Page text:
More than half of the world’s invested capital resides outside of the United States. We live in a global marketplace. I am not saying it is good, nor am I saying it is bad, I am merely stating that globalization is a fact of life. Investing internationally provides access to those global opportunities.
Investing internationally also provides diversification. Everyone has heard that they should diversify their investment portfolio, but few people really understand what that means. Diversification is achieved by investing in assets that have a low correlation to one another. In other words, their prices do not move in the same direction. International markets have a low correlation to our market and therefore exposure to them can reduce the overall risk of the portfolio. This is even true of emerging market investing, which while very volatile as a stand alone investment, can actually reduce the volatility of a diversified portfolio.
Globalization and diversification are good general reasons for always having some exposure overseas. However, as our clients are aware, we are not just mildly exposed to international markets; we have a large international position in our portfolios. This has been a great boon to our clients as over the last year the international index MSCI EAFE is up 24.94% in dollar terms versus the S&P 500 which is only up 11.73%. Emerging markets have been even better with the MSCI Emerging Markets index being up 47.98% over the last year.
So how did we know? Unfortunately, it isn’t because we have a crystal ball. Investing is all about process, and it is our process that led us to venture beyond our borders. When investing, you want to buy low (when securities are undervalued) and sell high (when securities are overvalued). Value led us overseas.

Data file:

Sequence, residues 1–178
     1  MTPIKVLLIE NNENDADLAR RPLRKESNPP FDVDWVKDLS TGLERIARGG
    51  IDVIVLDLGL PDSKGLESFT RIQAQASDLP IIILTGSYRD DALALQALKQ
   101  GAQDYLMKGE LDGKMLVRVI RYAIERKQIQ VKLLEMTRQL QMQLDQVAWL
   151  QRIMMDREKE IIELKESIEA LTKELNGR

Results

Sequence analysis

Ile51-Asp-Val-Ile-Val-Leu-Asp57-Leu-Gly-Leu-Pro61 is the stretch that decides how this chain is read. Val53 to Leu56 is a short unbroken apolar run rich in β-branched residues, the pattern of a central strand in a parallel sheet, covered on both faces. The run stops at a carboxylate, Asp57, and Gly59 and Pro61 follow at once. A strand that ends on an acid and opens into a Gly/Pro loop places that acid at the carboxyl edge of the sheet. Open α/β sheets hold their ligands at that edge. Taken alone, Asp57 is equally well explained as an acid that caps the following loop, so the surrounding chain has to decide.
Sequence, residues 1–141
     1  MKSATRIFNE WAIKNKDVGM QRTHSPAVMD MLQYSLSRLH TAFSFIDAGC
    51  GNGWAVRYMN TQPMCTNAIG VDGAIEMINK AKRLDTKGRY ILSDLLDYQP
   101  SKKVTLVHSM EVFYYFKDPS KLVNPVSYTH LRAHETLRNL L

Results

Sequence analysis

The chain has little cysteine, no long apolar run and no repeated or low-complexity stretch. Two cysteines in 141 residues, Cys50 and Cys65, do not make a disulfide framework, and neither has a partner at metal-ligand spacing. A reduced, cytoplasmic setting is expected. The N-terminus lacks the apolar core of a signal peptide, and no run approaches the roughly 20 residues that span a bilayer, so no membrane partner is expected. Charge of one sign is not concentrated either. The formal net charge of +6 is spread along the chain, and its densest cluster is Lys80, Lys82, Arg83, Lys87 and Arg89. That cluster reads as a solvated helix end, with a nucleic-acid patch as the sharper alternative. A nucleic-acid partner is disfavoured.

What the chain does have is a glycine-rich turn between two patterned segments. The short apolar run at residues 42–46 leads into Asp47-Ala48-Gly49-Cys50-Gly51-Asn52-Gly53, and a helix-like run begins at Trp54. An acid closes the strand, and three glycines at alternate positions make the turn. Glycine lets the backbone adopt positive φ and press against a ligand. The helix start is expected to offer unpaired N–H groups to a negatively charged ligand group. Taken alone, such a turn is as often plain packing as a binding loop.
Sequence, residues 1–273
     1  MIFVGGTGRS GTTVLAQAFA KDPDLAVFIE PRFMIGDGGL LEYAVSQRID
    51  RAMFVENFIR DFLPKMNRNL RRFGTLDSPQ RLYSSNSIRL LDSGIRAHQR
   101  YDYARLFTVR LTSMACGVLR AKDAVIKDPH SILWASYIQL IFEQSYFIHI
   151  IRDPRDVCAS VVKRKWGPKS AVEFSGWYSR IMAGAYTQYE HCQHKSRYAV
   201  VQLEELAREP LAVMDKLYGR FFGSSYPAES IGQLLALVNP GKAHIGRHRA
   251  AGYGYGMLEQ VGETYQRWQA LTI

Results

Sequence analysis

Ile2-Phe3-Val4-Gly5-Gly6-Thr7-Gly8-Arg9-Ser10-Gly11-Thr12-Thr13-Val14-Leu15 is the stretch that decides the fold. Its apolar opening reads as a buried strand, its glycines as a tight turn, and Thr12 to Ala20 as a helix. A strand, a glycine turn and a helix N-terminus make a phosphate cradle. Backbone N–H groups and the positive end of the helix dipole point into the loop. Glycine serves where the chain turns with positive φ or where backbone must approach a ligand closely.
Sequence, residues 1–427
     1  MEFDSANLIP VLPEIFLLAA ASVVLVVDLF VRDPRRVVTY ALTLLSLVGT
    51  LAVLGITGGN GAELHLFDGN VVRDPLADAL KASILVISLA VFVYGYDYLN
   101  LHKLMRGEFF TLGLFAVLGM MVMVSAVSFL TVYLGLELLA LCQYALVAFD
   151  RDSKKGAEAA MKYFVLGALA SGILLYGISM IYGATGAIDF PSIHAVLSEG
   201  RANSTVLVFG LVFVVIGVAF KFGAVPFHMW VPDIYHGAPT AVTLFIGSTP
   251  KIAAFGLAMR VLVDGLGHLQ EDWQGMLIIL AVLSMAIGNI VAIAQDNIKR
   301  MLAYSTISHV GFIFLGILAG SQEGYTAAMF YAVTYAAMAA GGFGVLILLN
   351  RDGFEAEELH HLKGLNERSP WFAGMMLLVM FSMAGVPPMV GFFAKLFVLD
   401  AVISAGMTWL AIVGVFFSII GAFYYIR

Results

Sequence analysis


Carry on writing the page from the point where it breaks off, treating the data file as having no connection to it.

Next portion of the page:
According to Morningstar, the price to earnings ratio on December 31, 2005 for the MSCI EAFE international index was 16 as compared to 17.3 for the domestic S&P 500. In other words, it cost you $16 for every $1 of earnings overseas and $17.3 for every $1 of earnings here at home. It sounds simple doesn’t it? Well unfortunately it’s not that simple. The international market has been undervalued relative to the United States for a long time, yet it underperformed dramatically in the 1990’s. In the market an undervalued asset can stay undervalued for a long time. Timing matters and in our process we look not only for value but for signs that the market is beginning to recognize that value.
So, we saw an undervalued asset class and took advantage of it with some fortunate timing. But, is international still a good place to be? We believe the answer is yes. The global economy is strong. Japan is doing better than it has in more than a decade. China is growing at over 9% a year and India is right behind. Europe is a laggard, but that is not all bad. Stock market prices reflect the consensus opinion of what is going to happen in the future. If what actually happens matches expectations the markets will not move dramatically. Market prices make large moves due to surprises, down for negative surprises and up for positive surprises. In other words, it is possible that China grows very fast, but not as fast as people thought, and that Europe grows slowly but not as slowly as people thought, and you make money in Europe and lose money in China. Sometimes low expectations can be a wonderful thing.
~Have Passport, Will Travel